City and University police are increasing scrutiny on the Foggy Bottom area in response to a spate of street robberies of expensive electronic items around campus, city and University police officials said.
Seven University Crime Alerts for street robberies have been sent out since Jan. 19 – four of which have come in the last 16 days. Except for February, GW had sent no more than two Crime Alerts in any given month over the past year, and in response to the jump in reported crimes, police are shifting their focus.
Teams of Metropolitan Police officers – both on the ground and in patrol cars – are focusing attention on “suspicious-looking juveniles” in the area, Lt. Alesia Wheeler-Moore said in an interview Tuesday. Suspicious behavior could refer to groups that appear to be targeting individuals, Wheeler-Moore said.
Frank Demes, assistant university police chief, said in an e-mail Wednesday that UPD continues to monitor the crimes and will make further staffing decisions “based on a review of the situation.” UPD had already increased attention on the west side of campus – where many of the crimes have been reported – The Hatchet reported in early February.
“We have increased GWPD’s staffing presence and equally important we are working to educate the GW community about how to prevent these crimes,” Demes said.
Six of the seven Crime Alerts sent out by the University this calendar year described suspects as black males, and five reported suspects to be juveniles. The other two did not list estimated ages of the suspects.
“We are focusing directly on the suspects,” Wheeler-Moore said. “[Many of them] are young black males between the ages of 13 all the way up to 20.”
The rate of unarmed robberies has been risen notably since 2005, when 10 robberies without the use of a gun were reported in the Police Service Area 207, which encompasses the Foggy Bottom campus. In 2009, 27 were reported, and eight have been reported through February 2010, according to the Metropolitan Police Department’s crime map Web site.
But while the numbers are growing, Wheeler-Moore said the robberies don’t appear to be targeted specifically at GW students.
“It’s just whoever is an easy target at that time, that’s who they’re making their victims,” Wheeler-Moore said. “That’s just society today, everyone’s using electronics, talking on the phone, using iPods, Googling things, online on their cell phones.”
Demes also said the presence of electronics with a value of more than $500 is a factor in terms of the area being popular for these robberies.
“The fact that these items are hand-held and unsecured is also a factor, and the state of the economy historically has been a factor in crime rates,” Demes said.
Foggy Bottom is not becoming more dangerous, Wheeler-Moore said, adding that the proximity of the Foggy Bottom Metro station may explain why robberies have been reportedly occuring on the west side of campus.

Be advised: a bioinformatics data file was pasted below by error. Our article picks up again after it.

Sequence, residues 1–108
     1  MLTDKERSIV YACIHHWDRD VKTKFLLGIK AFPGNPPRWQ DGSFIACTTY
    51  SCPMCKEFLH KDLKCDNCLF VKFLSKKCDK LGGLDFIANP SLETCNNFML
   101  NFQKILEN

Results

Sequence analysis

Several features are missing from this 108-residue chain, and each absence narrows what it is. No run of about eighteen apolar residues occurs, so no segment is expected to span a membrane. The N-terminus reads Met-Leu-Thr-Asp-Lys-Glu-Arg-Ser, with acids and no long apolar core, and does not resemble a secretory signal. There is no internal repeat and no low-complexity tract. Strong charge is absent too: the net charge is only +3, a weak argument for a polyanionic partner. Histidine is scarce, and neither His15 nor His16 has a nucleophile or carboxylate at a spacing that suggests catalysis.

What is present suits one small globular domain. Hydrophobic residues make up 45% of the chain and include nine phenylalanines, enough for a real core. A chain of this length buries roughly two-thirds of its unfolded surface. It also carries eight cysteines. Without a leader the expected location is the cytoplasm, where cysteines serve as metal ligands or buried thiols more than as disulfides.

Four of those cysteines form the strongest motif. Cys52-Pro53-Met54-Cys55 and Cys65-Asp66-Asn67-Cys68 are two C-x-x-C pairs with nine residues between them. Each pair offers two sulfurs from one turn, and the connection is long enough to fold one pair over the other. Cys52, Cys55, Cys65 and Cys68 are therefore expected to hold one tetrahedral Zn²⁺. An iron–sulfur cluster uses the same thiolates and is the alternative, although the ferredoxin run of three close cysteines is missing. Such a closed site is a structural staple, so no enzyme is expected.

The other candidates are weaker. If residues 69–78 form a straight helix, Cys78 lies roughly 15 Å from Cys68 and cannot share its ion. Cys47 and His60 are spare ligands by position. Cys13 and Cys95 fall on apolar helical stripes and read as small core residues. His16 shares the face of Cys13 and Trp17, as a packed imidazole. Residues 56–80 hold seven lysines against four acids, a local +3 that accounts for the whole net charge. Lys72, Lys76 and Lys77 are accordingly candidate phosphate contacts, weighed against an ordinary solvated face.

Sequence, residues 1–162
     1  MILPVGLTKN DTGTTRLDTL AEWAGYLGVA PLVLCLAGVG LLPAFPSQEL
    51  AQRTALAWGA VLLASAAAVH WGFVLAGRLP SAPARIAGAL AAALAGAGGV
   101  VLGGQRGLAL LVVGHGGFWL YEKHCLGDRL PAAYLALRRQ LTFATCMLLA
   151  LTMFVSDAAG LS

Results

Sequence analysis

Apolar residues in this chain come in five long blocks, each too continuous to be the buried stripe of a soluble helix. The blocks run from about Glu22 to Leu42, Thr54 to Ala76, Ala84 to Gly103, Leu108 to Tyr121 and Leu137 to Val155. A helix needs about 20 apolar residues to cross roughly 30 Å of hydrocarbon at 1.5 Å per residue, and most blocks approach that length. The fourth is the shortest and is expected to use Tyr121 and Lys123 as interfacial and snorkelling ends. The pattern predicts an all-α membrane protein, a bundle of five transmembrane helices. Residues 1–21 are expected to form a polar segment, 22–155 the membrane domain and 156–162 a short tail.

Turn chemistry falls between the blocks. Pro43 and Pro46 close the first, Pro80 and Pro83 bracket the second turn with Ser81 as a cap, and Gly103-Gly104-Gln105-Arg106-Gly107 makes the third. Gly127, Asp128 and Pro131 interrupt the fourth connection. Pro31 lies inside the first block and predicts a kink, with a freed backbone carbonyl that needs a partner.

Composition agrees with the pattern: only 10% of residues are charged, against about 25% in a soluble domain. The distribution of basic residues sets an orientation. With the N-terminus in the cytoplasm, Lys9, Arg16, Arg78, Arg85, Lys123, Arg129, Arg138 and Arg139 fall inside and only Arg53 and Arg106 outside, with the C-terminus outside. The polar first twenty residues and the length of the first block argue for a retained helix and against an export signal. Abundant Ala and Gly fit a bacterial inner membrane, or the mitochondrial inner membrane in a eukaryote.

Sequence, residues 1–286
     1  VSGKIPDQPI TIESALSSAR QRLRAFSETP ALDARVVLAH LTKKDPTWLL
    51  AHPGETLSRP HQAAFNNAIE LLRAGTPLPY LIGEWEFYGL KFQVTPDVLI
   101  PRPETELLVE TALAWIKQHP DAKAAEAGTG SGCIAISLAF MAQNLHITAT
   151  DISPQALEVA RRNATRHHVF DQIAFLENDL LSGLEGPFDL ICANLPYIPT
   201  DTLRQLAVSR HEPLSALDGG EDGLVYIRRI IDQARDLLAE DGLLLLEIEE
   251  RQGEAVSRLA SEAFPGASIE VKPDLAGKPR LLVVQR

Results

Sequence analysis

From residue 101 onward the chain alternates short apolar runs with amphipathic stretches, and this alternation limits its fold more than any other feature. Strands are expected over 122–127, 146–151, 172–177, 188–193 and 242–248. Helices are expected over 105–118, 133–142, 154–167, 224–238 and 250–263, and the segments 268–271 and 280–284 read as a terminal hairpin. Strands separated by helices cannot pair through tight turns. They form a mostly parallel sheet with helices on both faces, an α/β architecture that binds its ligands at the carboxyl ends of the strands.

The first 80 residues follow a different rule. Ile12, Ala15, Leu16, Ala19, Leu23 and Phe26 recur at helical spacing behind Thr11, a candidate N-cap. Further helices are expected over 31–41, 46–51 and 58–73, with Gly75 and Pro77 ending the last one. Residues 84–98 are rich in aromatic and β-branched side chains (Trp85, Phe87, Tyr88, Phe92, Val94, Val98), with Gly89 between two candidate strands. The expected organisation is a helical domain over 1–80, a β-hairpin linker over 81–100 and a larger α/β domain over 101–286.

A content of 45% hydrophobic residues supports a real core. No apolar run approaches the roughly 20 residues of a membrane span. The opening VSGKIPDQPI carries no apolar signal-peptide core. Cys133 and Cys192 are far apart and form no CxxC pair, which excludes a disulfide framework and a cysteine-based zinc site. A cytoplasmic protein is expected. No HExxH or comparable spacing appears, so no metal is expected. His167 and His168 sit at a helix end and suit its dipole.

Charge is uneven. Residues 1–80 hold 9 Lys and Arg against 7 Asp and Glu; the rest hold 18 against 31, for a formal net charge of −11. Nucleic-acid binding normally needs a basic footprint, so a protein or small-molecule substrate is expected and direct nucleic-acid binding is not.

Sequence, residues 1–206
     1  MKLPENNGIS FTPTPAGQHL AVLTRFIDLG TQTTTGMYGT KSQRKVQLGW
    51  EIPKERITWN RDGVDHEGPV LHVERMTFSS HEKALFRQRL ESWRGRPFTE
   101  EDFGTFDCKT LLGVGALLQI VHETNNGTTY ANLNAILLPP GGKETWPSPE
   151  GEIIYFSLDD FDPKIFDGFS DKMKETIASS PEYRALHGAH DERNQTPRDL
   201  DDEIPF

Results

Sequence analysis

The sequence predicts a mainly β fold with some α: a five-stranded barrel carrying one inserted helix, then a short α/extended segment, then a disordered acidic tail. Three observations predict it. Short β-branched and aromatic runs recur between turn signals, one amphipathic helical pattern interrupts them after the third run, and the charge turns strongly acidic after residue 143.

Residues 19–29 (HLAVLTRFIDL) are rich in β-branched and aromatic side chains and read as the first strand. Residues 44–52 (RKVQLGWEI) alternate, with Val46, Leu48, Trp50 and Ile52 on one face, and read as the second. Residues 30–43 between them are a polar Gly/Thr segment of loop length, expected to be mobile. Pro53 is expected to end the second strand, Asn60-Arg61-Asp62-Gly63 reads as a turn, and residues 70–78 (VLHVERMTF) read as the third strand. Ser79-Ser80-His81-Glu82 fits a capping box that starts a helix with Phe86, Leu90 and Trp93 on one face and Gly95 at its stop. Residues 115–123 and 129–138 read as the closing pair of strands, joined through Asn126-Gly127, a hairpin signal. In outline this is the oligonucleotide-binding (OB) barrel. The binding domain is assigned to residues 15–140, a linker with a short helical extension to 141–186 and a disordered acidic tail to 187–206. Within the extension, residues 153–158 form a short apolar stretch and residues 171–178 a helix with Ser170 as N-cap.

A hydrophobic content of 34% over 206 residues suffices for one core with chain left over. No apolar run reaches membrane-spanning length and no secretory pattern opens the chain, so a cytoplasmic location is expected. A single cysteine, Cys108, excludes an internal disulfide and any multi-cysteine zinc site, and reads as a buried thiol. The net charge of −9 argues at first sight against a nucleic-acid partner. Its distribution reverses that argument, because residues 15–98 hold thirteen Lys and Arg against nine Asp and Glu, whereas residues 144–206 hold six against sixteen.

“What we think is happening is that they’re coming over in groups and they’re splitting up into little mini groups,” Wheeler-Moore said. “We’re having our officers stop [suspicious groups] and briefly speak with them and ask them for their information and what they’re doing.”
Demes said there is no proof or indication that the suspects entered the Metro station after committing a crime.
“They fled in that general direction. We have notified our officers and are watching that area and monitoring trends,” Demes said.
Foggy Bottom Association Vice President and current GW senior Lev Trubkovich said he is working to create a community neighborhood watch to try and prevent some of these issues. Trubkovich, who also serves as the chair of the FBA Committee for Public Safety, said he is in the process of organizing interested community members.
“The spike in robberies our neighborhood experienced last week should be alarming to us all. But it should also be examined and understood,” Trubkovich said in an e-mail, deeming the recent crime alert reports “crimes of opportunity.”
A neighborhood watch would help protect citizens and curtail crimes committed in the absence of other people’s presence, Trubkovich said.
“An upward trend like this is something I am sure our outstanding MPD officers will plan to mitigate, but they can’t be everywhere,” Trubkovich said. “A tried-and-true nationwide program that gets the citizens involved like neighborhood watch is not a panacea, but it’s a start, and has had the widest success in battling just such crimes of opportunity.”
Wheeler-Moore said MPD has partnered with the Washington Metropolitan Area Transit Authority to address the issues, and said that she is working on scheduling a Metro representative to address the community at the March ANC 2A community meeting.